Browsing: Investing in Mozambique

  • Mozambique showcases a new visa program to allow visitors a 90-day stay upon entry
  • The travel and tourism industry’s overall contribution to Mozambique’s gross domestic product in 2019 was 6.2%, but that number dropped to 3.4% in 2020.
  • In 2021, Tourism receipts counted for nearly $700 million, accounting for approx. 4.1% of total GDP (according to World Travel and Tourism Council)

After the first publication of a stimulus package consisting of twenty measures at the beginning of August, Mozambique made an announcement regarding one of the first measures to be put into action: a reformed Visa system.

Mozambique’s Council of Ministers made the announcement that it had approved amendments that are anticipated to have an impact on both tourism and international investments.

Visitors to Mozambique will now be able to stay in the country for a total of 90 days, up from the previous maximum of 30 days. This change …

African economies thrive on an abundance of natural resources. However, the financial resources needed to exploit these resources remain a major constraint in Africa. Foreign direct investments are playing a critical role in filling the capital gap in Africa as most governments run on budget deficits. 

Mozambique, a new investment hub, is booming with capital inflows in its energy sector. With its abundant natural gas resources, the country has positioned itself as a dominant energy investment hub in Southern Africa.

The Prospects

Massive natural gas reserves

Mozambique has a lot of proven natural gas reserves. It ranks 14th in the world in terms of its reserves. However, production for this energy resource is still very low as well as local consumption. This is a result of poor infrastructure development to extract the resource and also proving that the sector is still in its infancy stages. There is increasing interest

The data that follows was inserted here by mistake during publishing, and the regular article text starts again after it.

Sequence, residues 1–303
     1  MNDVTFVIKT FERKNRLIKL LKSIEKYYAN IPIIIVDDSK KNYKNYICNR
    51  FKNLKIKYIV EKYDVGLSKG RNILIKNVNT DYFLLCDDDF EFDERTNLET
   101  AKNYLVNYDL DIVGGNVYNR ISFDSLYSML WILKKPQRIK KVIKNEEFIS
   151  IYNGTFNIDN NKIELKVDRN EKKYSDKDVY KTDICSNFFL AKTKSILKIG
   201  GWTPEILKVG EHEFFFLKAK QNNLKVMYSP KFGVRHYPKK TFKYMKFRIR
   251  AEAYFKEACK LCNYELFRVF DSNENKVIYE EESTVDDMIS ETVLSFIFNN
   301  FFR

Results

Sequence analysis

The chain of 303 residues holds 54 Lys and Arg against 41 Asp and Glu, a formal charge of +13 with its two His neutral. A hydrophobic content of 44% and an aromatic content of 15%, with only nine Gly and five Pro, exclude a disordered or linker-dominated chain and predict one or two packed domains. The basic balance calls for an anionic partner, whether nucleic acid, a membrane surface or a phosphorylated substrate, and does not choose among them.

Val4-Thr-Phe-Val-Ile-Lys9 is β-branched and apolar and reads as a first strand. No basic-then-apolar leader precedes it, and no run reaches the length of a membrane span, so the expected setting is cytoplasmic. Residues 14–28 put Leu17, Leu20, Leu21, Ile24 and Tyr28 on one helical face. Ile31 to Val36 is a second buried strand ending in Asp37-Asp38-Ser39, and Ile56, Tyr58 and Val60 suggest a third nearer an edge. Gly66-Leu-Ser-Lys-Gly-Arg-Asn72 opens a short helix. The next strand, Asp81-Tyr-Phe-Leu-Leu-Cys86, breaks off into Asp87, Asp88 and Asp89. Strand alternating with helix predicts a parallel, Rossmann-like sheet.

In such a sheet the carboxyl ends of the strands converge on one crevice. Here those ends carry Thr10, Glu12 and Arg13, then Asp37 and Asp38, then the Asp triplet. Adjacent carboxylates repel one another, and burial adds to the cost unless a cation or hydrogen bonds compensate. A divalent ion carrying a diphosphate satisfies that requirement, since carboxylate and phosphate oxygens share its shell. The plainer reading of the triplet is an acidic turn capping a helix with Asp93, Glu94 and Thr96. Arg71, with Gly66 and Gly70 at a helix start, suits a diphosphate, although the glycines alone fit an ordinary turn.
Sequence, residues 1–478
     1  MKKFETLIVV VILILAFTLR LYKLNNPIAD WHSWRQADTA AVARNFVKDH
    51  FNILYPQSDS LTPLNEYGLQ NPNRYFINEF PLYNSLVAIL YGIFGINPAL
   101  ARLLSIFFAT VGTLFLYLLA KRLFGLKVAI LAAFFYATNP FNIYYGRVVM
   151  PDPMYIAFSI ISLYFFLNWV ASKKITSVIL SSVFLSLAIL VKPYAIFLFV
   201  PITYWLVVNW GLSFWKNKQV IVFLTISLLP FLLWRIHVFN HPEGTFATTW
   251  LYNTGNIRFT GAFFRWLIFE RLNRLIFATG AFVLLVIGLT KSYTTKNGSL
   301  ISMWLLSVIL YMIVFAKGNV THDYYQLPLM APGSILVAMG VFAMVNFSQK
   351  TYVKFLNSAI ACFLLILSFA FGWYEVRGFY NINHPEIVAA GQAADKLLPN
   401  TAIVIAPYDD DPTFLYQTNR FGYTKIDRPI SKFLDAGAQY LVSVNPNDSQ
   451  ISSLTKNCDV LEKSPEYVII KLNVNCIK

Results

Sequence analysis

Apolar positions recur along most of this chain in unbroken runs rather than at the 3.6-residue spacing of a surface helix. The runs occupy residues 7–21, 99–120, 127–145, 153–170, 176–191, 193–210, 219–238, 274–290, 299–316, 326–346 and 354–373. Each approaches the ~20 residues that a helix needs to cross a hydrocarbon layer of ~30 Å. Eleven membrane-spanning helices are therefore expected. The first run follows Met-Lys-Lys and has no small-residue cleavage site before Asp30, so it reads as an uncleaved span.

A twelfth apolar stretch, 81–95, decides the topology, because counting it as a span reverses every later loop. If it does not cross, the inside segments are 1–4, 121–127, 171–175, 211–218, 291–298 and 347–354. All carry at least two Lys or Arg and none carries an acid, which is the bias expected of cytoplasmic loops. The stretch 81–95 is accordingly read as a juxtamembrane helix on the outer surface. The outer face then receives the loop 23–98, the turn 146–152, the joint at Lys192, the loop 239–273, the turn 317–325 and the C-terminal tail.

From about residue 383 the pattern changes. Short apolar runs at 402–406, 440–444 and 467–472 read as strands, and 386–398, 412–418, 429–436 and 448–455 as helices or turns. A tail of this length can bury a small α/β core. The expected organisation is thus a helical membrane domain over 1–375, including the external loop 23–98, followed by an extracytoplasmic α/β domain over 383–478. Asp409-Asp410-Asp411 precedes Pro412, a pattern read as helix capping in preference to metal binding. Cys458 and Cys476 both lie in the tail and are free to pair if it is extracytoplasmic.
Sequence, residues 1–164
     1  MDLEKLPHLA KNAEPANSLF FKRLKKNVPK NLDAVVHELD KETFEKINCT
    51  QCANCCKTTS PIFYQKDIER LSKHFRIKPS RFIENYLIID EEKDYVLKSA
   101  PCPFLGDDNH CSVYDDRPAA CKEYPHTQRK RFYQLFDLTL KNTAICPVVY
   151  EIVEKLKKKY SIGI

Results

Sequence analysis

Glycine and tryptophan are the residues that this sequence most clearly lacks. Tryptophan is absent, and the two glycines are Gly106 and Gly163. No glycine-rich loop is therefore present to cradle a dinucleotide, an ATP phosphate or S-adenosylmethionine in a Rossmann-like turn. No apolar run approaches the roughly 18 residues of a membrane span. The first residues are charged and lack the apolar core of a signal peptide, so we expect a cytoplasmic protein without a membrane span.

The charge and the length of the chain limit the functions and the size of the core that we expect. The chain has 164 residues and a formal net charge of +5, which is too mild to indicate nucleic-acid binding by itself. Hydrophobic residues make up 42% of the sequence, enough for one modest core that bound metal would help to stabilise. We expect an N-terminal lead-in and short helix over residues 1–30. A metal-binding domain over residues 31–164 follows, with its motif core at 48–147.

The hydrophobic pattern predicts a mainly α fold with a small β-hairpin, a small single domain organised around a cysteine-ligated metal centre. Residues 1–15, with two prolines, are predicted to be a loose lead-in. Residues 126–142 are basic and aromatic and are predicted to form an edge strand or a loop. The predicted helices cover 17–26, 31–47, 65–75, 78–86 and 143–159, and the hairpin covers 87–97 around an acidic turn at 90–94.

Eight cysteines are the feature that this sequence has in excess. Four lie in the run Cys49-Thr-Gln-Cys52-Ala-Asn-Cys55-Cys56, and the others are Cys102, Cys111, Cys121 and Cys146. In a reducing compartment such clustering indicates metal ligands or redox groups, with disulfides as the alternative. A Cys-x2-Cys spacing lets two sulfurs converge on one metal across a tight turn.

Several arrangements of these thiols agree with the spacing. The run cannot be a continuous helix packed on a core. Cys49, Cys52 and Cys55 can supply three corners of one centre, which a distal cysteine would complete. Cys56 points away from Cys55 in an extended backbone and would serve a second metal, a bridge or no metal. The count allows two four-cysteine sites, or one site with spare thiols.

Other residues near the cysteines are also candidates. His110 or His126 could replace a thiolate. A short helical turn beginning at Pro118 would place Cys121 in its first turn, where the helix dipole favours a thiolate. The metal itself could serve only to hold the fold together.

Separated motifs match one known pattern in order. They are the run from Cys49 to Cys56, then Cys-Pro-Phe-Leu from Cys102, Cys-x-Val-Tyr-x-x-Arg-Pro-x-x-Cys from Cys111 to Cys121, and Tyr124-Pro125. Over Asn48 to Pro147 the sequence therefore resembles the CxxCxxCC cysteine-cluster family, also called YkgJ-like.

I remember landing in Mozambique over a decade ago to an atmosphere of excitement. Foreign companies at that time had recently discovered major natural resources.
It was the time of the “coal rush” in the northern province of Tete and the initial gas discoveries in the Rovuma basin. It was the beginning of a long journey that years later would see the country start one of the largest LNG projects in history. I have always said that development would happen and be sustained by four pillars. Like dominoes they would fall sequentially, pushing each other in the following order: natural resources; infrastructure; industry and commerce; and agriculture.

I have been approached many times by investors looking for agriculture projects, but time and again the business model fell because there wasn’t the infrastructure to make it viable. Similarly, investors in industry would remark that many projects would simply not have enough …